At the start of the 2000s, after we breached the wave of Y2K and its potential mania, we weathered another onslaught. Well, we did, but not everyone made it through the ride. The farm animal sanctuary was not even a thought and wildlife rehabilitation training was still a phone call away. Instead, we planted 100 trees. Because the trees were small and the ground was traditionally a farmfield, a passerby in his cups mowed all but three of the grassed-in trees down. So we let the turf grow, transplanting native grasses like big bluestem, little bluestem, and switchgrass, all grown and gifted to us by Dennis Seitz. These, as well as wild asters and milkweeds, were slowly outpacing invasives like Canadian thistle. In the meantime, flocks of goldfinches cheered among the purple tops.
The pace wasn’t fast enough. One day, a township trustee arrived with a brushhog. He mowed through the thistle, Steve ran ahead of the blades. Praying mantis, adults and nymphs, clung to his hair, shirt and forearms. He stood in front of the driver, held his mantis-covered-arms aloft, saying, “See this? This is what you are doing.” With one tree still standing, insects and songbirds scattered, the tractor left. One neighbor asked us how this could have happened, here in America. It can and it did and we all lost.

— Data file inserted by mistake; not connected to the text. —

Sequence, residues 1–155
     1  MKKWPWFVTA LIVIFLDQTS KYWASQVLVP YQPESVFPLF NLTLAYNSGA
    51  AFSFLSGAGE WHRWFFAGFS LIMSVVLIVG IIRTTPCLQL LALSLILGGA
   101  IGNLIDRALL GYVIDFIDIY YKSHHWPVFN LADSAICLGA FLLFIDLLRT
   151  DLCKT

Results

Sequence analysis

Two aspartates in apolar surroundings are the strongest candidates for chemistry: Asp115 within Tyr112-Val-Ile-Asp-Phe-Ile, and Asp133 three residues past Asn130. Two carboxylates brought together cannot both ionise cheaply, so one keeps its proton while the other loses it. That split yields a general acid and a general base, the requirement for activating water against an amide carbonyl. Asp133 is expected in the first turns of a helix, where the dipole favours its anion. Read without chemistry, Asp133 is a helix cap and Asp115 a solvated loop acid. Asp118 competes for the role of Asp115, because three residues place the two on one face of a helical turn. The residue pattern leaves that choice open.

That was 20 years ago. “Drift Zone” signs populate the neighboring fields. Local nurseries carrying various types of milkweed—and people are planting them. Several neighbors grow almost-acres of native grasses, wildflowers and Canada thistles poke their spiky heads up here and there as the natives are allowed to reestablish. Even so, anger still festers in me, 20 years after we were made to stand by and suffer a fool’s errand. Few mantids have turned their mystic heads my way since then and the goldfinches are still shy.
Today, my mother sent me two photos. A garter snake was soaking up rays on a weeping spruce at Red Fox Cabin this morning. It’s safe on its sunny bed, free from hungry chickens at our end and away from the road’s racing vehicles. The other photo is a mantis nymph, its image captured by Beth Scheckelhoff of Ohio State University’s Putnam County Extension. She saw a lot of mantid nymphs in the gardens above Cranberry Run. This makes me happy—even feel forgiving—though I’ll never forget.